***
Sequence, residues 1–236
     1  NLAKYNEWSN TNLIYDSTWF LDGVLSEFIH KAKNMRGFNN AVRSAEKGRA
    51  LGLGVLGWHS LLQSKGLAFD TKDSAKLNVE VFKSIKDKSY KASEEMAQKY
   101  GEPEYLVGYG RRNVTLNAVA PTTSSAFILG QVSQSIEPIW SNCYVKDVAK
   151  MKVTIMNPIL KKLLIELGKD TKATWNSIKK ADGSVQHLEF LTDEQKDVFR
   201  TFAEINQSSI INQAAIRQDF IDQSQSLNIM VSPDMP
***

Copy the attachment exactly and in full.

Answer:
Sequence, residues 1–236
     1  NLAKYNEWSN TNLIYDSTWF LDGVLSEFIH KAKNMRGFNN AVRSAEKGRA
    51  LGLGVLGWHS LLQSKGLAFD TKDSAKLNVE VFKSIKDKSY KASEEMAQKY
   101  GEPEYLVGYG RRNVTLNAVA PTTSSAFILG QVSQSIEPIW SNCYVKDVAK
   151  MKVTIMNPIL KKLLIELGKD TKATWNSIKK ADGSVQHLEF LTDEQKDVFR
   201  TFAEINQSSI INQAAIRQDF IDQSQSLNIM VSPDMP